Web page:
A reporter recently asked me a great question. What is there about separation of church and state, he asked, that might surprise some people?
I had three answers for him, which I’d like to share with you:
Effective public education would be impossible without separation of church and state. Of course, we think of church-state separation when it comes to issues like school prayer. But that’s just the beginning. The connection goes much deeper, and while you may be aware of it, many people are not.
There’s a reason AU’s founders cited protection of public education as part of the organization’s chief goals during our founding in 1947: no separation, no public education. They wanted to avoid siphoning tax money away from public schools into the coffers of (unaccountable) private religious schools – something we are battling more than ever right now with this Supreme Court’s support for private school vouchers.
But they also knew that a public education system that would bring together children from all backgrounds – Christian, Jewish, Muslim, Hindu, Buddhist, atheist, etc. – and provide them with a secular education was crucial to America’s survival. When our children learn together, we sculpt a generation of successful Americans who can live side by side despite deep differences, including in belief systems.
Many of our most fundamental rights rely on the separation of church and state. If you see a towering cross on public land, you know that’s a church-state violation. It’s visible and visceral. But consider your right to control your own reproductive freedom. Your right to marry the person you love. The right of your transgender niece to be herself in public school and take part in all the programs. The right of your children and grandchildren to read, to explore, to question.
What do they all have in common? All those rights are threatened by oppressive, fundamentalist religious groups that seek to use the power of the state to enforce their theology. Only separation can stop them.
On top of the wall of separation rest reproductive freedom, LGBTQ equality, public schools, modern science education, women’s equality and the freedom to learn. If the wall fully collapses, everything resting on top falls with it.
Religious people and leaders cherish separation of religion and government. Many people associate separation of church and state with the government telling religious groups what they can’t do. Let’s consider something they can do under separation: Flourish! We are the vibrant, pluralistic nation our founders intended.
Thomas Jefferson spoke with great pride of the fact that his Virginia Statute for Religious Freedom protected “the Jew and the Gentile, the Christian and Mahometan, the Hindoo, and Infidel of every denomination.” James Madison celebrated the “multiplicity of sects, which pervades America, and which is the best and only security for religious liberty in any society.”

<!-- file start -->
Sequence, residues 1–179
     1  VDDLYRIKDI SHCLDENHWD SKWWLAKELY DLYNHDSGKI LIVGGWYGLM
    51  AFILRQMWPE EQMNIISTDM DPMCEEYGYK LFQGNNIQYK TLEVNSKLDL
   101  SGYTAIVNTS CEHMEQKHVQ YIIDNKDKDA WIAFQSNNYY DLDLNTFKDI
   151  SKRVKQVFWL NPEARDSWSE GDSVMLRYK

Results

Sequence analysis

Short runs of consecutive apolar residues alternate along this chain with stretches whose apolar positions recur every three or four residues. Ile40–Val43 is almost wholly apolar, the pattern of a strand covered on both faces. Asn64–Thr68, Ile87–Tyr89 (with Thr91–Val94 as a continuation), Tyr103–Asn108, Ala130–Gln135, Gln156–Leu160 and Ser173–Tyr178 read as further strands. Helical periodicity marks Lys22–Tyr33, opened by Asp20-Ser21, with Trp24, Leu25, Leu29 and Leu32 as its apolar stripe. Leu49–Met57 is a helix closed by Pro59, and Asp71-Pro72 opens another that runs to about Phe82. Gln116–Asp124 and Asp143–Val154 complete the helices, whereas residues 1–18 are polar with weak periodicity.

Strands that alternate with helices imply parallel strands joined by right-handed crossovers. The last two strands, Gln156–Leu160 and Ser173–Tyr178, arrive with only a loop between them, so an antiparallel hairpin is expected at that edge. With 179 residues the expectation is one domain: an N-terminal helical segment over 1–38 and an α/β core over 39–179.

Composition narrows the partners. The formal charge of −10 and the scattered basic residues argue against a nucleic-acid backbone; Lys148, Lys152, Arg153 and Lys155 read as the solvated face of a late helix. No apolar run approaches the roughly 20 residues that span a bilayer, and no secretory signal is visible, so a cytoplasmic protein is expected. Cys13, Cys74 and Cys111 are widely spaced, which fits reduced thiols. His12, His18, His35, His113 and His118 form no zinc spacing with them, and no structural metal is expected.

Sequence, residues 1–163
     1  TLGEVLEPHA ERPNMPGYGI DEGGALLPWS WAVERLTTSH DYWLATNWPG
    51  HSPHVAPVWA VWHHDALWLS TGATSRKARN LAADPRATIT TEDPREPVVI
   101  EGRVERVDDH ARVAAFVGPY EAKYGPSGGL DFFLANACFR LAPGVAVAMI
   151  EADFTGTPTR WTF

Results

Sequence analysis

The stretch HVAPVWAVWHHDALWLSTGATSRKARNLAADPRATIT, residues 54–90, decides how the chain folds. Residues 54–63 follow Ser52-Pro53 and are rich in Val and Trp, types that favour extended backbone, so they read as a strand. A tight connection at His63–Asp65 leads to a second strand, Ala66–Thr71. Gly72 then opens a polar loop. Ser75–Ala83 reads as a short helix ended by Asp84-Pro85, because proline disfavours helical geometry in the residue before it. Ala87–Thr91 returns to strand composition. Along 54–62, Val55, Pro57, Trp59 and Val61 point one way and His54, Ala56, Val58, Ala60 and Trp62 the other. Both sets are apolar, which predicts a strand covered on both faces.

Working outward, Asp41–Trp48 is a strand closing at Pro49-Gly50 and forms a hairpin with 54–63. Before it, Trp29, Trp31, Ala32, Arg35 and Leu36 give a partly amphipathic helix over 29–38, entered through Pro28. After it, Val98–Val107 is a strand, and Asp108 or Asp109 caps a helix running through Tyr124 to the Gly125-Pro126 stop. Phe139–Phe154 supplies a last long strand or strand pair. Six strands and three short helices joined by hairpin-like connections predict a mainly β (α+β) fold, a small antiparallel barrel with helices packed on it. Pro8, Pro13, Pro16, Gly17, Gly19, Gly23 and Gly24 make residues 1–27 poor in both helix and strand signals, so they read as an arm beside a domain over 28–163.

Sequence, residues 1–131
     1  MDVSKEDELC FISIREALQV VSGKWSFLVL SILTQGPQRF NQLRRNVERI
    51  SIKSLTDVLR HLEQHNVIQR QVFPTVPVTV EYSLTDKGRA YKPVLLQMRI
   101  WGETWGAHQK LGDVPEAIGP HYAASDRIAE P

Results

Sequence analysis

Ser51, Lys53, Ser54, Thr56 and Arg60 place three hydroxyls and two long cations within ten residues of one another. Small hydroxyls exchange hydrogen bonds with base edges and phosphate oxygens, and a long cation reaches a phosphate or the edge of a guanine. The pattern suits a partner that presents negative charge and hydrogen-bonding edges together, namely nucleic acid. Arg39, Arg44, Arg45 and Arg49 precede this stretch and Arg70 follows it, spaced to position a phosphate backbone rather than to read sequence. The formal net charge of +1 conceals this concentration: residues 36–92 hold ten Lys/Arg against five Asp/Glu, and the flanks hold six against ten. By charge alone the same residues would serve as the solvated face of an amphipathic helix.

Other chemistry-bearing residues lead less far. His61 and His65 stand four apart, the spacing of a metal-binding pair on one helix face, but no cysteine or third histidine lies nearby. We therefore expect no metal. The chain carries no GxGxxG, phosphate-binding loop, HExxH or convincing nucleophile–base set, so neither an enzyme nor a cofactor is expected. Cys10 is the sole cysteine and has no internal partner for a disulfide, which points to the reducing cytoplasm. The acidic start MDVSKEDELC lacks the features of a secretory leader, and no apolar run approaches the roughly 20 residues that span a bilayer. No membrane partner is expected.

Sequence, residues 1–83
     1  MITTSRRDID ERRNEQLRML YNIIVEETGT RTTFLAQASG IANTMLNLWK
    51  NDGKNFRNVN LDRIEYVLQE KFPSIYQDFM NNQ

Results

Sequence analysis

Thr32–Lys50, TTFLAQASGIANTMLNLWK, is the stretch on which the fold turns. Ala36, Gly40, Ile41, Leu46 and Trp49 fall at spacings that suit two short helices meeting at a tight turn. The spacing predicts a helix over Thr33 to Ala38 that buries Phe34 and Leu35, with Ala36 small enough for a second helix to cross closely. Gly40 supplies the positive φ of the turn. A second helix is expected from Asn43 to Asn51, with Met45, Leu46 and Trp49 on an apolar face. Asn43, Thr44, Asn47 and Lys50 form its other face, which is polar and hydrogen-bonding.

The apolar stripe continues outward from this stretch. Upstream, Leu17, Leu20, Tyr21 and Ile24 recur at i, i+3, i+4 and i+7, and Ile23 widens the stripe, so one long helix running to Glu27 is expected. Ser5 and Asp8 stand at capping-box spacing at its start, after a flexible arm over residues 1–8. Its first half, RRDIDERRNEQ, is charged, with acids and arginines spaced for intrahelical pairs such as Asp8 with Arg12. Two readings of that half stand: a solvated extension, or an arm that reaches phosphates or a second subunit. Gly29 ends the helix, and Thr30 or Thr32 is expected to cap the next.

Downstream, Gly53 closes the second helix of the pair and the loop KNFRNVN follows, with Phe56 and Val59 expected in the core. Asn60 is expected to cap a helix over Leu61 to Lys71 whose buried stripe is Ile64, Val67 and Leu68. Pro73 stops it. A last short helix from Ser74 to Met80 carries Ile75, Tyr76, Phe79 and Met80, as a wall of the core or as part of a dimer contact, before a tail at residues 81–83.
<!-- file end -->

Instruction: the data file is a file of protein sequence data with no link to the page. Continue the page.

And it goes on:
At Americans United, we reflect this diversity in our membership, our staff and our governing board. The current chair of AU’s Board of Trustees is the two-term past president of the National Council of Churches, and the Board recently added members from the Seventh-day Adventist, Baptist and Orthodox Jewish communities. AU has a thriving national Faith Advisory Council of committed religious leaders who advise AU and broaden our reach. Our Legal, Public Policy and Outreach departments rely on working with faith communities and leaders in order to advocate most effectively for our issue. These faith leaders stand shoulder to shoulder with our nonreligious members in support of this vital principle.
Imagine our lives without church-state separation. Imagine a country that does not honor it. That country would not be America because without church-state separation, we are no longer the nation we were intended to be. Without church-state separation, American democracy, which is premised on freedom without favor and equality without exception, fails.
In the end, perhaps the best answer for the journalist would have been that the most surprising part of church-state separation is how much we rely on it every day, and yet how many of us take it for granted.
P.S. You might have noticed that I got a promotion! My column is now the first thing you’ll see when you open Church & State instead of the last. It’s part of a redesign. We felt it was time for a fresher, newer look – but not too crazy. The great content is still here. I hope you enjoy our new look!
Rachel K. Laser is president and CEO of Americans United for Separation of Church and State.